logos_downloadable_roundPermit me a small backstory here. Like most people, I tend to be contacted most on my mobile where work matters are concerned. Now I work from home a lot more though, I’ve found that the reception here is, in short, appalling. I could change network, but my deal is an awesome one that makes that a pretty unappealing prospect. Similarly, I don’t want to give people my home number, and fitting a second line could prove expensive – a bit like using a sledgehammer to crack a walnut.

Enter Twilio. For a while now I’ve been curious about this service, which interfaces telephony with the web. My mate Syd Lawrence has done some very clever stuff there, which in turn had me interested in what was possible from a marketing perspective. However what tipped me over the edge into using it was this post, explaining how you could use Twilio to dodge roaming costs when travelling. From that, I learned a few things. Firstly, you could buy a number for a tiny amount ($1 per month). Secondly, you could then do a LOT with that number. In some respects, Twilio is like a more powerful version of Google Voice – a service unavailable to anyone outside the US.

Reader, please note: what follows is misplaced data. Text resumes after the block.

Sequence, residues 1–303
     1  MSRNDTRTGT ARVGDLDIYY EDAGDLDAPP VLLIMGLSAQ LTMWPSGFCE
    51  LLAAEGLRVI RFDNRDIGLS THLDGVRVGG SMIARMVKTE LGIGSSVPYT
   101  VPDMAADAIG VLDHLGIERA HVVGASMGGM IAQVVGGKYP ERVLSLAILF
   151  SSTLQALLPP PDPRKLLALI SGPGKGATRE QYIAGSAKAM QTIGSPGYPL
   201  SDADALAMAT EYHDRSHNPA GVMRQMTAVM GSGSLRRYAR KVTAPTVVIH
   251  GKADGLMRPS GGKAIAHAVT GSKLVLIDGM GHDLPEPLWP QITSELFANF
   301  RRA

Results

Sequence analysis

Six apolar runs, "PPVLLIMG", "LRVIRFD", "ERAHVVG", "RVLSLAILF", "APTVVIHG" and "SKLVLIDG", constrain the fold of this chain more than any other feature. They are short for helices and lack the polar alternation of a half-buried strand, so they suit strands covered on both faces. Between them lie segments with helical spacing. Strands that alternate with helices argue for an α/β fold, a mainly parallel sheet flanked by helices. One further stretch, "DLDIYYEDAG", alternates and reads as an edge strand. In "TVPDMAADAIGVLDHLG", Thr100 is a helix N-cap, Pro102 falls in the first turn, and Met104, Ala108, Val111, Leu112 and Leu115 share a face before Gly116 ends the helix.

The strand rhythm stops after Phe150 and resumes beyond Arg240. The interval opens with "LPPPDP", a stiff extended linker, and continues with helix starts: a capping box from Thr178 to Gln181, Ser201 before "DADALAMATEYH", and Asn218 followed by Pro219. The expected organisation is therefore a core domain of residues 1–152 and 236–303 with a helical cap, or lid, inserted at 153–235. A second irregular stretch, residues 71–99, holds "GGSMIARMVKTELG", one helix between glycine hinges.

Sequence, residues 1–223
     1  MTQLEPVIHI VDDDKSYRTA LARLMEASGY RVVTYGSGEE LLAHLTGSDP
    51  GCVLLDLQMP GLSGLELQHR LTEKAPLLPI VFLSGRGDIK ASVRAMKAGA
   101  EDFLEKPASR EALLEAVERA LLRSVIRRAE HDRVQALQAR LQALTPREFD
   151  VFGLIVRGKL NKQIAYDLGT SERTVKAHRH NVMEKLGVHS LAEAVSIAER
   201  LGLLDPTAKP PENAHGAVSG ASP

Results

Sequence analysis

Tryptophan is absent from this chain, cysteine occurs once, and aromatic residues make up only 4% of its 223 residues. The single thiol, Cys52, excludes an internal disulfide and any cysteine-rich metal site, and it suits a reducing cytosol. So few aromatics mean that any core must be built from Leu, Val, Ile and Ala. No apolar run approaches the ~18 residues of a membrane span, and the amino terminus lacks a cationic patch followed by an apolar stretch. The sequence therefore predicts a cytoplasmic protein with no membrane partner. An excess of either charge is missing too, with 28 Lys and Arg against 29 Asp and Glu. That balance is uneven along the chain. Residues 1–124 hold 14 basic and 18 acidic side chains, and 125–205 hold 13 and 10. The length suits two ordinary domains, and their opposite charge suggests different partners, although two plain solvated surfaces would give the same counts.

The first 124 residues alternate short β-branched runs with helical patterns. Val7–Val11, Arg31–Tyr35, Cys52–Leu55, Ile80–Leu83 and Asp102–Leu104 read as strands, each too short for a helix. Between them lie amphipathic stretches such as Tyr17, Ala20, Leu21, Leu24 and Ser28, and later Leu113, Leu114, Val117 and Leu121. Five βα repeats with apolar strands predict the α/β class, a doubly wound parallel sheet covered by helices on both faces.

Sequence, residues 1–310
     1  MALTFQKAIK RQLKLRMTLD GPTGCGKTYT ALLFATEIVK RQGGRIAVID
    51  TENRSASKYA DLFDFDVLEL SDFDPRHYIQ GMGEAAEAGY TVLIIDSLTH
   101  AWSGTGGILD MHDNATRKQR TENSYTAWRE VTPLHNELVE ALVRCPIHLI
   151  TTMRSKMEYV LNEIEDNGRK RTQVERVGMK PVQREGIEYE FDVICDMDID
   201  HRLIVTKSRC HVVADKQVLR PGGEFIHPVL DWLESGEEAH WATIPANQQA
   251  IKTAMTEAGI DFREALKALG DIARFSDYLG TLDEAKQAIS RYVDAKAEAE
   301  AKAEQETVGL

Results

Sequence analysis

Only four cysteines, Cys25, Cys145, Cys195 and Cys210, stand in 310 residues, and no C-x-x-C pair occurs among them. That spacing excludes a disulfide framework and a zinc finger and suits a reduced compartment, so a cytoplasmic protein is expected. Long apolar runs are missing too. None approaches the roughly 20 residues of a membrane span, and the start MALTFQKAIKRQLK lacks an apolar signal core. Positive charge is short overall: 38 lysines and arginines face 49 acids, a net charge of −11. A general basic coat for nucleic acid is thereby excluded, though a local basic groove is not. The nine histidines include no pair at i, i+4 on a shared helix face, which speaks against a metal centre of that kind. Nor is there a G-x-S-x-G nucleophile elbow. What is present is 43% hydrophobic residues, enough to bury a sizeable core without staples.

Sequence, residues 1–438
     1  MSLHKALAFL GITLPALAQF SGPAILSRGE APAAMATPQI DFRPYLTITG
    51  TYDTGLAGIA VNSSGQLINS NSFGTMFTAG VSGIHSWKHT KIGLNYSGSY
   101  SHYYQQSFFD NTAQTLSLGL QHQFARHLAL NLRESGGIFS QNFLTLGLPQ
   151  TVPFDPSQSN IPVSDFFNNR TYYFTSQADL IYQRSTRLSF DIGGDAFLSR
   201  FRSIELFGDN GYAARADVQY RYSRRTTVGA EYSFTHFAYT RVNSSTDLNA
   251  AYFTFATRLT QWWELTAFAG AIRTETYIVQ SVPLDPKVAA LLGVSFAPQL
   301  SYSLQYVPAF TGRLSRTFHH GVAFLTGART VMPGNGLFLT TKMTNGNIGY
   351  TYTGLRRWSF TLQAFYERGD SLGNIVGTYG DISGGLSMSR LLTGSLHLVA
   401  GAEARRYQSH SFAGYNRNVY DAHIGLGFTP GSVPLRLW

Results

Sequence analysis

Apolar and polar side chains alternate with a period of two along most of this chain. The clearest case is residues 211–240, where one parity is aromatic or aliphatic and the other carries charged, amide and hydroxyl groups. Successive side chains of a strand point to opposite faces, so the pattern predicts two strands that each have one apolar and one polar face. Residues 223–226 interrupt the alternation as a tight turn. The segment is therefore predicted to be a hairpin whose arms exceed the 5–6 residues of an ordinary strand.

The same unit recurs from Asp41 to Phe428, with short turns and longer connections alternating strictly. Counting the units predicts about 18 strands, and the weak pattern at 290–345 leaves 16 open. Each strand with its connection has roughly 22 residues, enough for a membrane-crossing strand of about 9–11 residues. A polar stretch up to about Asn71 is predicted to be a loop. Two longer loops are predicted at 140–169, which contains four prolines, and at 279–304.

Twilio has solved my problem. How? By giving my business a flexible landline number (and a local London one too!) that my clients can call. How the number behaves it entirely up to me – and believe me, it can do some funky stuff if I so desire. In the simplest terms though, I can have the number forward on to either my home landline, or my mobile. Alternatively, I can just have it dial me on my computer, allowing me to use it in the same manner as a Skype phone number. As the above blog post demonstrates too, I can also use it to handle my being abroad, by having Twilio forward to a local SIM that I’ve bought in whatever country I am in. Similarly, whilst I am there I can use my laptop to call clients via the web and it won’t cost me the earth. Usefully, they also just see the same number calling them, so they always know it is me. It allows a reliability that my clients will appreciate (only one number to call, anytime, to get hold of me) and with that brings a touch more professionalism to my business.